Posted on August 30, 2018 by Ashleigh Cowie

Federal prosecutors have launched a criminal investigation into the sinking of the Stretch Duck 7. The investigation involves the captains of both duck boats on the water at Branson, Missouri, on the day that the incident took place.

The motion was filed on Wednesday after a referral by the US Coast Guard. 

The captain of Stretch Suck 7, Kenneth Scott McKee, and Barry Kind the captain of Stretch Duck 54 are both said to be at the centre of the inquiry. 

The US Coast Guard concluded their investigation on the 13th August, and determined that the duck boat likely sunk due to "misconduct, negligence or inattention to the duties of the captain of the vessel".

They also concluded that the operations around second vessel, Stretch Duck 54, are undertaken in a "grossly negligent manner that... endangered the lives or bodies of persons on board the vessel". 

Both of the allegations are considered criminal offences.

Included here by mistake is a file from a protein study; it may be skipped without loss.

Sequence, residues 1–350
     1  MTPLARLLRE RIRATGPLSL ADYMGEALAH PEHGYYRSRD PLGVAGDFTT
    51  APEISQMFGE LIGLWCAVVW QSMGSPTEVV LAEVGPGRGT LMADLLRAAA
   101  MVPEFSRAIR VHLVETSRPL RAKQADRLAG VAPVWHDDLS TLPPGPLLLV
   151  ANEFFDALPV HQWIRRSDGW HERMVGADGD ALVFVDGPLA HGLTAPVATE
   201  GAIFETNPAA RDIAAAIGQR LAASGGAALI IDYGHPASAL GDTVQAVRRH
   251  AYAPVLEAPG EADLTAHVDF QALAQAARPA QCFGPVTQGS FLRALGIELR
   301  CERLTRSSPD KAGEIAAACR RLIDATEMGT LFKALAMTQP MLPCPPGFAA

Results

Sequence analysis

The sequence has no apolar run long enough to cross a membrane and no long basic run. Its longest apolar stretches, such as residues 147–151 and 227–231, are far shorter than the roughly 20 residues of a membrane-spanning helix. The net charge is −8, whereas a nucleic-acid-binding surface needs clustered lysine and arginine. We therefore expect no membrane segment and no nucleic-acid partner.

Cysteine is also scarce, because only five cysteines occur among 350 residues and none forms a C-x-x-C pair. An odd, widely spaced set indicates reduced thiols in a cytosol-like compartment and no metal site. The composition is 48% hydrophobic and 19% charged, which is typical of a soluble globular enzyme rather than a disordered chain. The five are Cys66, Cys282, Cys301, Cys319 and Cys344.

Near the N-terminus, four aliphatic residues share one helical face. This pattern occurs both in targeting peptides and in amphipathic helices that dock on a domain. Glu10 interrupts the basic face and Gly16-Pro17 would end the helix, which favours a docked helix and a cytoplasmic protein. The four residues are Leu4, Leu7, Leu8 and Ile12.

The Assistant U.S. Attorney, Casey Clark indicated that the criminal investigation is also considering allegations that the vessel's operator, Ripley Entertainment (Ride the Ducks Branson) "knowingly and wilfully caused or allowed such neglect and misconduct."

Stretch Duck 7

31 people were on board Stretch Duck 7 as she set off on a routine tour of Table Rock Lake near Branson, Missouri on the 19th July. 

Storms were forecast and at around 1900 winds picked up and wave heights increased dramatically. The Stretch Duck 7 sunk shortly after, killing 16 passengers and one crew member. Stretch Duck 54 made it safely to shore. 

The wreck was raised on the 23rd July and brought to a storage site for investigation. This investigation was carried out by the Coast Guard and the National Transportation Safety Board. 

The boat's video recorder and black box were recovered and their digital contents were reviewed. 

The families and estates of several victims have filed lawsuits seeking a combined amount in excess of $100 million in damages from Ripley Entertainment, the owner of Ride the Ducks Branson. Ride the Ducks International, Herschend Family Entertainment and Amphibious Vehicle Manufacturing are also named in the suit. Federal prosecutors are seeking a stay in discovery in several of these civil cases  in order to avoid harming the government's criminal case. 

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